Mérida, January 13, 2020 (venezuelanalysis.com) – Venezuela has had its voting rights at the United Nations (UN) General Assembly suspended due to unpaid financial contributions.
According to UN spokesperson Stephane Dujarric, the Central African Republic, Comoros Island, Gambia, Lebanon, Lesotho, Sao Tome and Principe Island, Somalia, Tonga, and Yemen have also been sanctioned.
Venezuela is required to pay US $21.8 million a year to the UN’s budget, but no payments have been reported since 2018.
Article 19 of the UN Charter states that “a member of the United Nations which is in arrears in the payment of its financial contributions to the Organization shall have no vote in the General Assembly if the amount of its arrears equals or exceeds the amount of the contributions due from it for the preceding two full years.”
The same article does, however, allow for some flexibility in the application of the sanction when the General Assembly is “satisfied that the failure to pay is due to conditions beyond the control of the Member.”
Despite financial problems, the Comoros Island, Sao Tome and Principe Island and Somalia all retained their voting rights in October 2019.
Venezuela’s voting rights in other UN entities, including the Human Rights Council, are expected to remain unchanged.
In response, Venezuela’s Foreign Minister Jorge Arreaza has pointed the finger at US-led financial sanctions, without offering a payment schedule to revert the measure or providing evidence of efforts to make the payment since 2018.
According to the minister, “the US financial blockade has closed financial routes through which the Venezuelan state may honour its commitments.”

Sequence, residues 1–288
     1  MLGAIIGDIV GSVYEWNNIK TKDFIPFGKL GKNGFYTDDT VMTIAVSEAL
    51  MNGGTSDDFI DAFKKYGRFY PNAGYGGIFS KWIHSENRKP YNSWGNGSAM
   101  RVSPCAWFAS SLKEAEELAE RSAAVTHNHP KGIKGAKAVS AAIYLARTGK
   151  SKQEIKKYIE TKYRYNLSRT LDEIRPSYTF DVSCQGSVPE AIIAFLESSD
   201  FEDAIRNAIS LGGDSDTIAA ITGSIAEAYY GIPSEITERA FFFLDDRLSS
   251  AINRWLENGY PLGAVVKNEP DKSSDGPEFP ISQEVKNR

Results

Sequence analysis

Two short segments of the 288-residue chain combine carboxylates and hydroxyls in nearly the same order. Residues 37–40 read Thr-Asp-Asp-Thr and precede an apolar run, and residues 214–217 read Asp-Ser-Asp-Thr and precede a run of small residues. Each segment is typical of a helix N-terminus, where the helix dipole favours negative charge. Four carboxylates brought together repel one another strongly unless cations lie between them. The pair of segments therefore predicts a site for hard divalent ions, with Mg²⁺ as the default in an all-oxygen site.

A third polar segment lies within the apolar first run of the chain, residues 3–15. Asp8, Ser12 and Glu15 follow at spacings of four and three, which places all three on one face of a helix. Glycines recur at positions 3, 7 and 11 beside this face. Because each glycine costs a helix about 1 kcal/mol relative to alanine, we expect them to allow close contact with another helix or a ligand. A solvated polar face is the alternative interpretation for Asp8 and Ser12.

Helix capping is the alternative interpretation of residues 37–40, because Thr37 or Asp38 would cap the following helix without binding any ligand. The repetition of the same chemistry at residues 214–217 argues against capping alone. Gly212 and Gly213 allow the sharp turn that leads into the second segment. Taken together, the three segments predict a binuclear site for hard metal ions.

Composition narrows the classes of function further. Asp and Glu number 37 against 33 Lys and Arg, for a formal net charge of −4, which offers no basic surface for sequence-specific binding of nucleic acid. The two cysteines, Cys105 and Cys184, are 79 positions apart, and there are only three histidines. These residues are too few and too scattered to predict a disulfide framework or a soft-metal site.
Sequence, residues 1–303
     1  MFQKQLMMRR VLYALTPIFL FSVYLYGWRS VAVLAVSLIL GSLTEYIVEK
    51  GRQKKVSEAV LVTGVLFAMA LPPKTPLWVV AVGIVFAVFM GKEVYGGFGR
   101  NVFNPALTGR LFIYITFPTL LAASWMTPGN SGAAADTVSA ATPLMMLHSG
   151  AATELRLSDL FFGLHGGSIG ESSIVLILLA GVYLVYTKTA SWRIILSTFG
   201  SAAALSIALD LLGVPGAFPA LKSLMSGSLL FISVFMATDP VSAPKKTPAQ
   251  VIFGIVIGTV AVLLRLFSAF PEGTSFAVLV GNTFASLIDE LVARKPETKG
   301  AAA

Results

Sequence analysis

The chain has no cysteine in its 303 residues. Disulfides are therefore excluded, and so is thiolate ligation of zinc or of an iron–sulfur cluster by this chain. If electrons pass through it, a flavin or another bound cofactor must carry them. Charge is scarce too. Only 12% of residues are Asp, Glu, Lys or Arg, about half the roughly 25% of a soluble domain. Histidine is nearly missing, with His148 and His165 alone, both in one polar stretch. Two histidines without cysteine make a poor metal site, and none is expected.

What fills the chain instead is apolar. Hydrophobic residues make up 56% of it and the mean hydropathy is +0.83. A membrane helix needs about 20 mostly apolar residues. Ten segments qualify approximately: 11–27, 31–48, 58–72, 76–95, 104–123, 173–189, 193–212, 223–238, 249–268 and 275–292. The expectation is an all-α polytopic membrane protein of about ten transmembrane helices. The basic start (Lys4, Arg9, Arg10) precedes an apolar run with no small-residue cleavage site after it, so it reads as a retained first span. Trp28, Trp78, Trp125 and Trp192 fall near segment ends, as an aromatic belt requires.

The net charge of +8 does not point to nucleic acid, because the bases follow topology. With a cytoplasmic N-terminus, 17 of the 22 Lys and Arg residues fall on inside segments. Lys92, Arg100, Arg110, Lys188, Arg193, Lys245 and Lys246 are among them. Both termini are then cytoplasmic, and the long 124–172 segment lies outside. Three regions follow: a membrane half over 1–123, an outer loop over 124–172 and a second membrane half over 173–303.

The top diplomat went on to declare that the US sanctions regime “openly violates international law,” and that UN Secretary General Antonio Guterres was made aware of the payment problem “some months ago.”
Arreaza also called on the UN to “guarantee” Venezuela’s vote at the next General Assembly, scheduled for September this year.
Since 2017, the Caribbean country has been subject to US financial sanctions, including a financial crimes enforcement directive advising international financial institutions to block “suspicious transactions” by Venezuelan state entities. Sanctions were deepened in 2019 with direct measures against the Venezuelan Central Bank and other state banks, alongside punishing new oil sanctions.
A wide-reaching embargo announced in August 2019 also prohibits US entities and foreign third parties, including banks, from dealing with any Venezuelan state bodies or those deemed to have “materially assisted, sponsored, or provided financial, material, or technological support for, or goods or services” to the Venezuelan government.
Venezuela is obligated to contribute 0.728 percent of the UN’s total US $3 billion budget, one of the highest percentage contribution rates in Latin America. Only Brazil and Argentina pay more to the international body.
According to a 2018 resolution, UN contribution rates are calculated based on factors including Gross National Project (GNP) estimates, exchange rates, and debt burden.
Despite Venezuela’s crisis-ridden economy having contracted by 63 percent since 2014, the country has seen its assigned contribution rise from 0.176 percent (1999) to 0.627 (2013-15) and 0.728 (2019-21). According to International Monetary Fund data, Venezuela’s shrinking economy was already smaller than Brazil, Argentina, Colombia, Chile, and Peru in 2018.
Edited by Lucas Koerner from Caracas.